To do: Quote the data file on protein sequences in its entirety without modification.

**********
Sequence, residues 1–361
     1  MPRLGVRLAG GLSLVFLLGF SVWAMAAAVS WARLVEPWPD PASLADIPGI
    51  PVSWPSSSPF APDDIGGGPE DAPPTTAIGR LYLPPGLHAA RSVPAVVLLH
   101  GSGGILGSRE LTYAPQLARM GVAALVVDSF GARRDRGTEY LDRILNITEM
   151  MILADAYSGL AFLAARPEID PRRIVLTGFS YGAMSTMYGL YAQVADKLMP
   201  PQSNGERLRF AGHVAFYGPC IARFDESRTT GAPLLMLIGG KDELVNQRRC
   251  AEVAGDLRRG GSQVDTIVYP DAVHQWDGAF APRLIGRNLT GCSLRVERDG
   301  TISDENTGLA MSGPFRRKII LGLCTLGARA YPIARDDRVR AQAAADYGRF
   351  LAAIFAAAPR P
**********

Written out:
Sequence, residues 1–361
     1  MPRLGVRLAG GLSLVFLLGF SVWAMAAAVS WARLVEPWPD PASLADIPGI
    51  PVSWPSSSPF APDDIGGGPE DAPPTTAIGR LYLPPGLHAA RSVPAVVLLH
   101  GSGGILGSRE LTYAPQLARM GVAALVVDSF GARRDRGTEY LDRILNITEM
   151  MILADAYSGL AFLAARPEID PRRIVLTGFS YGAMSTMYGL YAQVADKLMP
   201  PQSNGERLRF AGHVAFYGPC IARFDESRTT GAPLLMLIGG KDELVNQRRC
   251  AEVAGDLRRG GSQVDTIVYP DAVHQWDGAF APRLIGRNLT GCSLRVERDG
   301  TISDENTGLA MSGPFRRKII LGLCTLGARA YPIARDDRVR AQAAADYGRF
   351  LAAIFAAAPR P